“What are you trying to do?”
“We’re trying to strap you in the electric chair, boy.”
For some reason or other, I’m always getting this film’s title mixed up with a fine John Garfield title Force of Evil (1948, MGM), so if it sneaks in this review later, you’ll know why. Just thought I’d warn you!
In late 1956, Universal International Pictures had signed Orson Welles to play the heavy in an adaptation of a police thriller by Whit Masterson entitled “Badge of Evil.” The existing script was sent to Charlton Heston who expressed some interest depending upon who was to direct. The response was that no one had yet been identified. Hearing that Welles was already aboard as an actor, Heston suggested that Welles be asked to direct as well. And so it came to be, although Heston speculated that the thinking on Welles at Universal might have gone something like: “Ahh, let him direct it. How bad can it be? Heston’ll just get sore if we don’t. F***in’ actors.”
However it went, Welles did agree to direct on the condition that he be allowed to rewrite the script. This he did over a three and a half week period before production began. Principal filming, which was done on location in Venice, California, was completed in April 1957 with postproduction continuing into the summer. Apparently, Universal executives became unhappy with Welles’ unorthodox editing and unusual use of sound, however, and took the picture away from him. Universal did its own edit and some further minor shooting with studio director Harry Keller to accommodate it. Welles was allowed to see the finished product once before it was released. His response was to write a lengthy 58-page memo detailing a number of changes that he would like to see made, but his suggestions were ignored. Universal released Touch of Evil in the United States in 1958 with little fanfare as the second half of a double dill. Despite this, the film has gained recognition over the years, much of it driven by the very positive response it received upon its release in Europe, including one citation of it as “the best B movie ever made.”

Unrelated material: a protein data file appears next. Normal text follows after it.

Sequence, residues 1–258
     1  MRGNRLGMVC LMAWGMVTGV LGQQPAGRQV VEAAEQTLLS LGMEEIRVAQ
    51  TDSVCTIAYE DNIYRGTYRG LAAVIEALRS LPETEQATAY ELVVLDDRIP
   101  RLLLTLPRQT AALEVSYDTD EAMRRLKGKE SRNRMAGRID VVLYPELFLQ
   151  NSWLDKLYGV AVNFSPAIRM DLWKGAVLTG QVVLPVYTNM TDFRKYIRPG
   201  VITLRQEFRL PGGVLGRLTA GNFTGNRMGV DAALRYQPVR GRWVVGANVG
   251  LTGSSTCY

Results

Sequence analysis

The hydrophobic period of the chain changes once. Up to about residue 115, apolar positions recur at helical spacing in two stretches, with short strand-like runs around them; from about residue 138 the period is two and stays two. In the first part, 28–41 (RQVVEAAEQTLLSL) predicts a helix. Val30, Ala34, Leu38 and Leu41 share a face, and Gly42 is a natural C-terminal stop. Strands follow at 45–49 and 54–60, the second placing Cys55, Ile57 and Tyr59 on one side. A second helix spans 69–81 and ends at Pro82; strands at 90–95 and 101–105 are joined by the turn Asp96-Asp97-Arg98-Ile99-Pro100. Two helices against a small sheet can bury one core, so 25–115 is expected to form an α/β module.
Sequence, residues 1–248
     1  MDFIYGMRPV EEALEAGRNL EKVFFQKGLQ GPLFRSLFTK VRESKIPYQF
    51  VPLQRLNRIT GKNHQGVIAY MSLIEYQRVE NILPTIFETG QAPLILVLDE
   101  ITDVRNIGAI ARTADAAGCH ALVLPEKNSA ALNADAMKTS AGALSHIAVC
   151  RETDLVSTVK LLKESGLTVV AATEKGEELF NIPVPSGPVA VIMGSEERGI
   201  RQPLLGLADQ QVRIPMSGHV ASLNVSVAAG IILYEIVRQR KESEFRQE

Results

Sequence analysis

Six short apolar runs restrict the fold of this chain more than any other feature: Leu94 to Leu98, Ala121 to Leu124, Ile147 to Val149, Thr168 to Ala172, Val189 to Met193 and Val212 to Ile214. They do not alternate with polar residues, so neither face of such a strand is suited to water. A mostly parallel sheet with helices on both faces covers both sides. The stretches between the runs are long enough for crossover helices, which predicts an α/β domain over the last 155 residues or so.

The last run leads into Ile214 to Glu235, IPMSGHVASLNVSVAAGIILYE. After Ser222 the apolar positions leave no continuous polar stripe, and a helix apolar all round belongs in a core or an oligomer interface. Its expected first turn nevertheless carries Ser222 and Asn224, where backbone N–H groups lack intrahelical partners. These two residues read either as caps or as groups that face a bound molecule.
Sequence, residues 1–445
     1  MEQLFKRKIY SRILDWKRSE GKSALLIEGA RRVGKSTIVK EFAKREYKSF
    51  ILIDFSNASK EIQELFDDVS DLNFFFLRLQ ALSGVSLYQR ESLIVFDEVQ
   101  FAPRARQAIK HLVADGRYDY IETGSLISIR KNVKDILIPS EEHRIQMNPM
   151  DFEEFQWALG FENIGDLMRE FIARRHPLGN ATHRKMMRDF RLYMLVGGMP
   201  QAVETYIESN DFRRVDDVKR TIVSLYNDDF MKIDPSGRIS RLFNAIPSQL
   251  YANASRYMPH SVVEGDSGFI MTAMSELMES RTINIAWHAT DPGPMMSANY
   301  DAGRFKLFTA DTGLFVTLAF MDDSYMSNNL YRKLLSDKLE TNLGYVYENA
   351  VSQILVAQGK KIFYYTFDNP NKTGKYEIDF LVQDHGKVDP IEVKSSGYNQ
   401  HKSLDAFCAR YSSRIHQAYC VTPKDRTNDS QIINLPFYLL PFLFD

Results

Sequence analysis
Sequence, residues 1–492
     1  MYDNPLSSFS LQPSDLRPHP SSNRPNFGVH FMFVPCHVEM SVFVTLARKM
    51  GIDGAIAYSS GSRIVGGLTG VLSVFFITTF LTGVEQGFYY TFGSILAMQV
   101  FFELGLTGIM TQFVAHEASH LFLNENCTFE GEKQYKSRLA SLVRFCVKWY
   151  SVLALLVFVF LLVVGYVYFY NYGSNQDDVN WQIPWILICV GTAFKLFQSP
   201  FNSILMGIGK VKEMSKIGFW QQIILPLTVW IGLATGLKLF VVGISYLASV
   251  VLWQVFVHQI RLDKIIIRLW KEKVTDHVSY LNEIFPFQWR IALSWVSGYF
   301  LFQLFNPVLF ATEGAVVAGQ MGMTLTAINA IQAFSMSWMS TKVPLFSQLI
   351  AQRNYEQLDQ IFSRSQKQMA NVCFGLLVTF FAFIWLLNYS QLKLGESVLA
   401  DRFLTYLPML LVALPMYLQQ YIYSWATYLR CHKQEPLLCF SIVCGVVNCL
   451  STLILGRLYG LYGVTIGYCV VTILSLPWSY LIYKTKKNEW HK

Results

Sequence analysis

In 1992, producer Rick Schmidlin became interested in Welles’ original memo and decided to adjust Touch of Evil to conform to Welles’ vision. He arranged for sound and film editor Walter Murch to undertake the changes, most of which occur during the first quarter of the film. The reconstructed version was released to theatres in late 1998 and has now been brought to DVD by Universal.
Mike Vargas, a Mexican justice department lawyer, and his new wife Susan are strolling the streets of a U.S./Mexico border town one evening when a car just ahead of them suddenly blows up. Dying in the explosion are Rudy Lanniker and his mistress. Lanniker was one of the richest men in the town and there is no apparent reason for his murder. Hank Quinlan, a corrupt American cop soon appears on the scene and takes charge, as the explosion occurred on the American side of the border. Vargas also tries to involve himself in the investigation as the car came from the Mexican side and may have had the explosives planted in it there. Vargas and Quinlan soon develop a mutual antipathy for each other. While this is occurring, Susan is coerced into meeting with Uncle Joe Grandi, a criminal whose brother has been indicted for drug trafficking due to Mike Vargas’ efforts. Joe Grandi delivers a veiled warning to Susan for her husband to lay off Grandi’s brother and she delivers this to Mike.